Sustainability aspects in public tenders should be implemented in an SME-friendly manner
"In principle, it is to be welcomed that the German government wants to amend public procurement to make it more efficient and sustainable. However, the consequences for small and medium-sized enterprises should also be considered," explains Dr Nadine Schlömer-Laufen, project leader at the Institut für Mittelstandsforschung (IfM) Bonn. Her research team analysed comments from a public consultation by the Federal Ministry for Economic Affairs and Climate Action and conducted a comprehensive literature analysis. This revealed that small and medium-sized enterprises (SMEs), in particular, experience obstacles at every stage of the procurement process – from searching for suitable tenders to submitting bids. This often leads to SMEs refraining from participating in public tenders, despite being interested in them.
The IfM research team identified the biggest hurdles: a lack of information from the awarding authorities, difficult contact options, user-friendliness on digital platforms, excessively high tender requirements, and excessive bureaucracy. If sustainable procurement were to be strengthened during public procurement, this would further increase both the requirements and the bureaucratic burden for SMEs. Both are already perceived as being too high. However, in order to ensure legally compliant sustainable procurement, the awarding authority must impose corresponding requirements on bidders and demand corresponding evidence from bidders.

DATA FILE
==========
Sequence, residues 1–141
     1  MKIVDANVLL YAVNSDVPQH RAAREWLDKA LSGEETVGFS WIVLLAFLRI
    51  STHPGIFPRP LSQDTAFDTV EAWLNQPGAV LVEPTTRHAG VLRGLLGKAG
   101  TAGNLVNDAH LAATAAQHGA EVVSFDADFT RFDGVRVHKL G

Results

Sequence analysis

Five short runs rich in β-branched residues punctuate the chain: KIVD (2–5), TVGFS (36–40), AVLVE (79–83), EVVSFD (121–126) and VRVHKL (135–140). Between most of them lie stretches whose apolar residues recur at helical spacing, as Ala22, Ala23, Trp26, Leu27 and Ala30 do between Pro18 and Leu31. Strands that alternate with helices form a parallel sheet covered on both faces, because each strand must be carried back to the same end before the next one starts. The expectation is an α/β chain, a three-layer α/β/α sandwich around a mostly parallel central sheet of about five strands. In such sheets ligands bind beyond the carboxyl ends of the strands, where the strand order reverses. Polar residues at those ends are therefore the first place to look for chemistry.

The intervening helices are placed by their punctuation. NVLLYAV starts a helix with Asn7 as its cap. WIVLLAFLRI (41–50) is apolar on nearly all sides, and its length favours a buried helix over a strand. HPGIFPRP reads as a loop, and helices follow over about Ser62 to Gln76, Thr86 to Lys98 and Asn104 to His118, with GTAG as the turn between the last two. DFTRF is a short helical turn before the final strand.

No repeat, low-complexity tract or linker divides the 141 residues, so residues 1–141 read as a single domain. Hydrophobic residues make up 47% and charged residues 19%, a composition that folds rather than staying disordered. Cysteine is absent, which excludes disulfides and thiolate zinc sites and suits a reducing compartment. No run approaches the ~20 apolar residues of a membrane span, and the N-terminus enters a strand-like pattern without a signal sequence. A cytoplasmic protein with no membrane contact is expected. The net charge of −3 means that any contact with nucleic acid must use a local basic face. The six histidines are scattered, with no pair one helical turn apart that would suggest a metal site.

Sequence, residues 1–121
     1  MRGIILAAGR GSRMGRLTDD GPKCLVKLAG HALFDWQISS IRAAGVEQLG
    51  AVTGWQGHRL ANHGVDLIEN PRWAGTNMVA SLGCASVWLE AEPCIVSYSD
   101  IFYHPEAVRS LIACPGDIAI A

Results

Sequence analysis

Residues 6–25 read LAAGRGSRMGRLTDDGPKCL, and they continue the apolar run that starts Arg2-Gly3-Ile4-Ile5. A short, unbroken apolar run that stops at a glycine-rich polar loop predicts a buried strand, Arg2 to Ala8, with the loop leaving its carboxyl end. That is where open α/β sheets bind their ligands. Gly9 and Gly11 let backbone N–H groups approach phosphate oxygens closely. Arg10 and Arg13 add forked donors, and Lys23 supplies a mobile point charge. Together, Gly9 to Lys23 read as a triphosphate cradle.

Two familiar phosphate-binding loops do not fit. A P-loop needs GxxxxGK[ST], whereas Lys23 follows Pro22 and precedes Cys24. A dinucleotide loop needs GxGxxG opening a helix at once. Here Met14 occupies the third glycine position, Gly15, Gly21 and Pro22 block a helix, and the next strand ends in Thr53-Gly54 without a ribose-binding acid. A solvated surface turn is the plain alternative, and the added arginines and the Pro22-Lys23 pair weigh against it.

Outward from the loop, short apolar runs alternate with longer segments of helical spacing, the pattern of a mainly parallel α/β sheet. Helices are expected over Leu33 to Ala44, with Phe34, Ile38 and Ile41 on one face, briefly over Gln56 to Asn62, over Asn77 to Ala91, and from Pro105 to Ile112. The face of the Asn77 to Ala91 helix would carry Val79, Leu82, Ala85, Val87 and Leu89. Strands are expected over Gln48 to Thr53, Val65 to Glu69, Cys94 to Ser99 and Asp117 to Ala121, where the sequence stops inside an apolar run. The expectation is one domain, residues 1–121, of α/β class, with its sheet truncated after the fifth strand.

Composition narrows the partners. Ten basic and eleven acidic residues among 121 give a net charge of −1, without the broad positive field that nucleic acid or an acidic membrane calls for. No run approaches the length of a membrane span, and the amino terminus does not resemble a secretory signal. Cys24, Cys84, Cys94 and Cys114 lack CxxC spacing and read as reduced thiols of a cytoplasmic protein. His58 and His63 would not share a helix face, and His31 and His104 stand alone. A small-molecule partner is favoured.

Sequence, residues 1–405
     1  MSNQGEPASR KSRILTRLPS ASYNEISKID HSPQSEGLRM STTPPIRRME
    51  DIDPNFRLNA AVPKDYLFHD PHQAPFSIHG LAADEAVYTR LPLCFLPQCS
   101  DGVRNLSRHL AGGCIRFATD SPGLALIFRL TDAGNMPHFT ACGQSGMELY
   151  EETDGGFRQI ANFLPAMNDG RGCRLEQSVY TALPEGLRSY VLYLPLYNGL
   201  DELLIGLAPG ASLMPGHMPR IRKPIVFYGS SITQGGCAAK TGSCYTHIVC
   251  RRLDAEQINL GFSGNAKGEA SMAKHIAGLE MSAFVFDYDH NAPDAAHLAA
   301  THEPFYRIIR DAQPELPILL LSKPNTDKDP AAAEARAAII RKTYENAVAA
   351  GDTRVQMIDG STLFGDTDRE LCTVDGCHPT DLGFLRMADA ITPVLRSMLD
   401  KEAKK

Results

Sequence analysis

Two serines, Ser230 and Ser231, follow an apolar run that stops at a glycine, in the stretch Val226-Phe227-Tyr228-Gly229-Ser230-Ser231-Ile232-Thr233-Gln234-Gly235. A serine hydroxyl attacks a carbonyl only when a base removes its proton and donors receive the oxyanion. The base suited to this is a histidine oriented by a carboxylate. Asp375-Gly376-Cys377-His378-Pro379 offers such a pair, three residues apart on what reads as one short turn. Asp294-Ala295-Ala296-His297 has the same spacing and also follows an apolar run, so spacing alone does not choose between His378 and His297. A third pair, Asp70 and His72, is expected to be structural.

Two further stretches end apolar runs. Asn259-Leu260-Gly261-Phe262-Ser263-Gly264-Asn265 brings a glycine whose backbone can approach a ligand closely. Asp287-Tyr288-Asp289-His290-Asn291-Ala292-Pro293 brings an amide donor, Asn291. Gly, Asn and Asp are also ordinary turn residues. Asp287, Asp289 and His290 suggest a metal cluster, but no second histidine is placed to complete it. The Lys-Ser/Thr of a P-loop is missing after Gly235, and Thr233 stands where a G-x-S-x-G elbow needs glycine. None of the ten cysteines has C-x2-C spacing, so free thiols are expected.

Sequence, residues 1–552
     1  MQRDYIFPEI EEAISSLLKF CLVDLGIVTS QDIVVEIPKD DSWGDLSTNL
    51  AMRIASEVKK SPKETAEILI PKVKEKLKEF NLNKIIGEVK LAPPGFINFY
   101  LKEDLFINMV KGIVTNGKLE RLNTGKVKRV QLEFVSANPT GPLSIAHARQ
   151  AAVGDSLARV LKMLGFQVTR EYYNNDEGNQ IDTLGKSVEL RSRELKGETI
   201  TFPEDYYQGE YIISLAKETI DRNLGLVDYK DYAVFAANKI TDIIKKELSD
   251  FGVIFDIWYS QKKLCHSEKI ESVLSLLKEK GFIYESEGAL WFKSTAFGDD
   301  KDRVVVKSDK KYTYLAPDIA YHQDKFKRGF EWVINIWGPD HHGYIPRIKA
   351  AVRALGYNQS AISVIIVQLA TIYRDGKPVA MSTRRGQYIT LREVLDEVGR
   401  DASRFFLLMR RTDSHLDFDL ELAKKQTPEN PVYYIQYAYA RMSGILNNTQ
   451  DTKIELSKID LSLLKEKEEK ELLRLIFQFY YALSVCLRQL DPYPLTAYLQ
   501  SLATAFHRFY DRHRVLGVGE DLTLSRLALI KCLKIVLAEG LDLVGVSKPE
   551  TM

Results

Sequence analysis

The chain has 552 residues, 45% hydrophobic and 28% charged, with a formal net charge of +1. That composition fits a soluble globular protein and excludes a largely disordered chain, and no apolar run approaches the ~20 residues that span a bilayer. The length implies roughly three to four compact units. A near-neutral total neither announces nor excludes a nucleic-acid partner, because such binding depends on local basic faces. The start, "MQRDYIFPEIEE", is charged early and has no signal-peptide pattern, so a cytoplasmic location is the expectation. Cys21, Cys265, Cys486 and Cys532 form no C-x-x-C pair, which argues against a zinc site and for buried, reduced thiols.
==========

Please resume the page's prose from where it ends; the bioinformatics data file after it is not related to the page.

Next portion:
To not further increase the hurdles for SMEs, the IfM researchers believe that the planned amendment should be implemented in two stages: Firstly, the existing obstacles for SMEs in the procurement process should be removed - and only then should public procurement be made more sustainable.
"An alternative to the two-stage implementation of the amendment could also be that sustainable procurement is strengthened, but the requirement for additional evidence is waived. This would avoid further increasing the bureaucratic burden and requirements for SMEs. This would make procurement decisions less legally secure. However, the example of other countries with innovative public procurement shows that this approach can be a working model," says Dr Nadine Schlömer-Laufen.